Talk It Out

Loss Of A Loved One

Loss of a loved one is a phrase that confronts every human being; it is part of being human.  Even species of animals experience such loss and try to reconcile with the pain and the sometimes inexplicable.

The loss of a loved one is something we dread; those of us who are fortunate to have had great people in our lives and sharing our world will need to heal.   It is said we have seasons for everything.   So a season to mourn is inevitable.  But we can choose to heal.

Loss of a loved one and stages of grief

It is commonly accepted that with mourning and grief, we tend to experience five stages of normal grief.  This grief emanates from the loss of one’s own life, the finishing of a close relationship, or the death of a close human being or an animal.

During the loss of a loved one, in our bereavement, as human beings, we experience different lengths of time working through each stage.  For each person, this is the most individual experience.   No two mournings are the same.  These five stages do not necessarily take place in any specific order. We can shift between stages before arriving at a calmer acceptance of the loss and then move on.

Help is at hand if you consult a professional psychologist to understand the dynamics of loss and how best to cope in addition to still running your day-to-day life.  Death of a loved one or the end of a relationship is very hard to face alone, and wise counselling helps with perspective and instances of reminding you to be kind, to you!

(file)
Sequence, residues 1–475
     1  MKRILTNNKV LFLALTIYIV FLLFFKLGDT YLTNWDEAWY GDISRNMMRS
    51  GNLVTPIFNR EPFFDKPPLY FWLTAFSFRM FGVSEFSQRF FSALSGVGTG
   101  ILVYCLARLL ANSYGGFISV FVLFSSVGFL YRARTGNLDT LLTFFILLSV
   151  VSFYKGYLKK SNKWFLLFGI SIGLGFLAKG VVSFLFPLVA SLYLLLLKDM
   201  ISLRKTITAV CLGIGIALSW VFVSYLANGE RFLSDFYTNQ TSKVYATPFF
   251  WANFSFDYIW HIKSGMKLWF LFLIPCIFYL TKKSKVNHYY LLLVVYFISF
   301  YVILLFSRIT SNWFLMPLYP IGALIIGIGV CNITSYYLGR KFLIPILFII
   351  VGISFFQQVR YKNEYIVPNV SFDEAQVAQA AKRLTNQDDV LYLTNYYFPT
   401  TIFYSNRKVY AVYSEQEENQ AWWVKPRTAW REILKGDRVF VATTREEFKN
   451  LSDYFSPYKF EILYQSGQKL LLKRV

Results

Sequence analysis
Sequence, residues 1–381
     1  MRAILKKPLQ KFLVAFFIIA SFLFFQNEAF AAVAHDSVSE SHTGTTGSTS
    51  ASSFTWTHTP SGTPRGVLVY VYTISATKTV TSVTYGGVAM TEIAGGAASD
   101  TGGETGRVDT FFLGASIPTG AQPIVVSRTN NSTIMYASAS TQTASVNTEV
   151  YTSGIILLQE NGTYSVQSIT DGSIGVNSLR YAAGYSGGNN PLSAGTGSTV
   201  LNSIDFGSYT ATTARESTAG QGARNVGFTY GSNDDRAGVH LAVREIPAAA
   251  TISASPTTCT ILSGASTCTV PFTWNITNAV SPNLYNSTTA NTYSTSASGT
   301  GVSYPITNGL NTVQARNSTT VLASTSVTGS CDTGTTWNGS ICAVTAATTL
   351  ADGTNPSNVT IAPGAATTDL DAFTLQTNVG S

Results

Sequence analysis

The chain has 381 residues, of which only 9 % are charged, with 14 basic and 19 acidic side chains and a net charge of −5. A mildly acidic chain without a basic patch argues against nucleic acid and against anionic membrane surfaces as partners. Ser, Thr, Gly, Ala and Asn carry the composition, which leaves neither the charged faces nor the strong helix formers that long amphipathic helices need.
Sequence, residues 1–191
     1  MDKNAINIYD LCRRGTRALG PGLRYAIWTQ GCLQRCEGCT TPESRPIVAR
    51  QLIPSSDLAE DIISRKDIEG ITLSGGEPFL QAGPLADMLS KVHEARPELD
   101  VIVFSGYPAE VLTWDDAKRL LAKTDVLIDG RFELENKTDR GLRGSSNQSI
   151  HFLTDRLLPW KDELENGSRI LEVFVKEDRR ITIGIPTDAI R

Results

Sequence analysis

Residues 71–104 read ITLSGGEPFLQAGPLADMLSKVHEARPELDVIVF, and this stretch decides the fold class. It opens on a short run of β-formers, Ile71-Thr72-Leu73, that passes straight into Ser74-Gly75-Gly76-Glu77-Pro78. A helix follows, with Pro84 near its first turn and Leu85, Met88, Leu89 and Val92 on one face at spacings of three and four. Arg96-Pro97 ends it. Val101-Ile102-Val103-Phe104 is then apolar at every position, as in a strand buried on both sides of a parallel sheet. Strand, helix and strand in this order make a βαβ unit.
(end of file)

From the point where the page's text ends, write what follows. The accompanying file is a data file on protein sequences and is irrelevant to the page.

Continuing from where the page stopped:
1. Denial and Isolation

The first reaction to learning of terminal illness or death of a precious loved one is to deny the reality of the status quo. This is a short-term response that carries us through the first wave of pain and wretchedness while we digest matters and come to grips with the situation.

2. Anger

As the numbing effects of denial and isolation begin to wear, a reality check and its corresponding pain re-emerge.   If you are dealing with an illness, arm yourself with the facts by talking to the doctors.  Take your time.

At this point, please to consider counselling.  For you.  The impending fatal illness or the consequences of an accident is a huge life-changing consideration.  Sound counselling can help with dealing with multiple emotions whilst endeavouring to be practical about daily life, work and often other family members too.  The loss of a loved one can be daunting and overwhelming, hence seeking counselling could be a wise choice to help you through.

3. Bargaining

The normal reaction to feelings of hopelessness and helplessness is often expressed as a need to regain control.  We ask questions, delve into medical second and third opinions to exhaust the options to gain victory over the potential loss.   Some people may make a deal with God or a higher power in an attempt to postpone the seemingly inevitable.

4. Depression

Mourning of the loss of a loved one heralds two types of depression, the reaction to practical, more public implications relating to the loss, such as medical and funeral costs.  Also, guilt arises given our focus on the loss and not on others who need our attention.     The second type of depression is more private – saying goodbye or even farewell.

5. Acceptance

Not everyone reaches this stage.  For various reasons, we may never see beyond our anger or denial. Working through loss of a loved one is a uniquely individual experience which we all do with the myriad of emotions. But others can be there for you and help ease you through this life exacting process.

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